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November 24, 2003

Interpreters bring the arts to deaf people

From: Philadelphia Inquirer, PA - Nov 24, 2003

Connecting with the audience is in their hands.

By Dawn Fallik
Inquirer Staff Writer

Brian Morrison is explaining why Abba's music is difficult to translate for the deaf. His hands blur, flying fast and close to his face, even when there is no one around to interpret.

"So you think of a phrase like 'Mamma Mia.'... Literally you're thinking Mamma, which is this sign," he said, resting his thumb against his chin, fingers and palm in a high five position. "But the phrase doesn't really have to do with mamma, it's more like an 'Oh no!' kind of thing, particularly in the context of the play."

Think Swedish disco is hard? Try emoting the anger and grief of Rent, the musical, with your hands. Or keeping up with Janet Jackson's rapid-fire "If." Or being Kiss. Morrison has signed them all.

There are fewer than 100 American Sign Language interpreters for music and theater. Philadelphia has at least five of them, including Morrison. The others are in New York, working on Broadway, or scattered around the country, mostly in large cities.

Until a decade ago, the deaf community was mostly shut out of the Philadelphia art scene, said Carol Finkle, a local activist for the deaf community.

"We're a deaf and hearing family who raised two children here, and we spent 30 years with nothing to look forward to on the weekend, nothing for us to do as a family together," said Finkle, who has two deaf children, now grown.

Frustrated at feeling ostracized, Finkle started Creative Access, a nonprofit Philadelphia organization that provides interpreters and works with the arts community to increase awareness.

"Whenever people think about handicapped access, they think about ramps for wheelchairs," said Finkle, who started the program in 1992.

Funded by grants and donations, Creative Access provides interpreters - usually two to four for a show - for about 15 plays a year, fromMamma Mia!, the Abba play, to a Nutcracker ballet, to this week's production of Chicago at the Merriam Theater. There have been requests for music concerts, such as Billy Joel, but not many, she said.

The company, with Finkle as its only staff, also provides a sign "coach," a deaf person who works with the hearing interpreters. Theaters usually host one signed performance per show run.

"We've found that the best place is on house right, and the interpreters are right by the orchestra pit, so that they can see the interpreters and the play at the same time," said DeVida Jenkins, general manager of the Merriam Theater, which has been holding signed shows for about five years. About 20 signed seats are usually reserved for each show.

For every one performance, there are hours and hours of practice for interpreters, who are paid usually by the theater anywhere from $100 to $500 per show.

Rehearsal begins about a month before the show. The interpreters, who are all hearing for this play, get a copy of the script and then get together to divide up the main characters.

For example, in Chicago, there are 20 characters who detail the trial of Roxie Hart, a woman accused of shooting her abusive lover; her lawyer, Billy Flynn; and her sexy prison mate and infamous murderess, Velma Kelly.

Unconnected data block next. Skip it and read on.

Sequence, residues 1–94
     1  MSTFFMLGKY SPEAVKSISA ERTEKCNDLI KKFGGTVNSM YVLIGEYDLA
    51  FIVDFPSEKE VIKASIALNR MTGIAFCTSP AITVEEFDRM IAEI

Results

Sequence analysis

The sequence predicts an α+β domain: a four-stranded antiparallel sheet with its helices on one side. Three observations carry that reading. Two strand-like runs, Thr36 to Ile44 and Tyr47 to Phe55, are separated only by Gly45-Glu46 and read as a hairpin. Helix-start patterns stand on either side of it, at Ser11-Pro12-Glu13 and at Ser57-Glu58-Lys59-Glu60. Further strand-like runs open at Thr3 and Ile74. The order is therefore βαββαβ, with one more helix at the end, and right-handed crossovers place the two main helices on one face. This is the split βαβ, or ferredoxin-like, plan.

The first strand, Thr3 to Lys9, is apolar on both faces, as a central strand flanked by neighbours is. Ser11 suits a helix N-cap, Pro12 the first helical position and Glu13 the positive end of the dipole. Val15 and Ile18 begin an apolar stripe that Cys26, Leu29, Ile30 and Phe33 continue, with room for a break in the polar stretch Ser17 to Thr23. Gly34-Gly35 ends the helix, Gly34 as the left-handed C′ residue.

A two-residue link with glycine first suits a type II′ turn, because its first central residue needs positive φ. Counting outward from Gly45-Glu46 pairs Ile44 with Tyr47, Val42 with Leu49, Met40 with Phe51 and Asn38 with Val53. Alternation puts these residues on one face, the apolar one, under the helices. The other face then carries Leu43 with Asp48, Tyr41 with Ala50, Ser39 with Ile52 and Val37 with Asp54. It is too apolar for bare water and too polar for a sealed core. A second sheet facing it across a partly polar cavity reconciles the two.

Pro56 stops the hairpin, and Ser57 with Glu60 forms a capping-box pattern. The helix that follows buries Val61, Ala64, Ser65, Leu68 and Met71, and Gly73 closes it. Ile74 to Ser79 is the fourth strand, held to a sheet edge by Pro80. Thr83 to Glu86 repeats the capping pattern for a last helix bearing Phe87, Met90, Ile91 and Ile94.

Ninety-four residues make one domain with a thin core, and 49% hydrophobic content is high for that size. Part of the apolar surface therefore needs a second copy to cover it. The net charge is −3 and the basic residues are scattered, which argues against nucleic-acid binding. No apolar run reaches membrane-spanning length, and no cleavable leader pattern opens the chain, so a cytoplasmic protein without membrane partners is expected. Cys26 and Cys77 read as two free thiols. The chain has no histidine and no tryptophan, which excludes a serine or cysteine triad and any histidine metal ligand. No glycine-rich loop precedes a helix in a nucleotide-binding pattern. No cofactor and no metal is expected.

Morrison plays Flynn, Donna Ellis takes Hart, and Jaci Urbani is Kelly. The 17 other speaking parts and solos are divided among the three - for example, all of them translate for "the warden" at one time or another.

"If I'm interpreting for two characters and they're on stage at the same time talking to each other, I'll shift from one side to the other, or sometimes it's in the body language or the facial expression," said Morrison, who has been interpreting for seven years and works full time as a staff interpreter for the Pennsylvania School for the Deaf in Germantown.

Mike Canfield, the coach for Chicago, works with the trio, both individually and as a group. He began acting in a signed-hearing rendition of Oklahoma!, playing Curley.

Canfield said that many hearing people did not understand why the deaf community would even want to see a musical or a play, because they cannot hear the lyrics.

"You can feel the music, and it's not just the music, it's a visual experience," Canfield said through an interpreter.

The biggest challenge, he said, is trying to turn the "English" into sign language. At a recent practice session at Community College of Philadelphia, he and Urbani spent a half-hour working on the phrase "all that jazz." Taken literally, it's about music. But in the play, it means something different.

Across the room, Ellis and Morrison practiced the courtroom ventriloquist act, "We Both Reached for the Gun," in which Roxie Hart acts as Billy Flynn's puppet as he gives those in the courtroom the answers they want to hear.

How do you make it clear that one person is merely acting as someone else's puppet - while signing?

"I need his deaf eyes to tell me if it works," Ellis said, waving to Canfield.

The coach watched. It didn't work. Morrison's signs were not matching Ellis as she mouthed the lyrics.

The practice continued, with less than two weeks.

"I want to make it visual, but I don't want to take away from what's on the stage," Ellis said. "That's still the main focus."

© 2003 Philadelphia Inquirer and wire service sources. All Rights Reserved.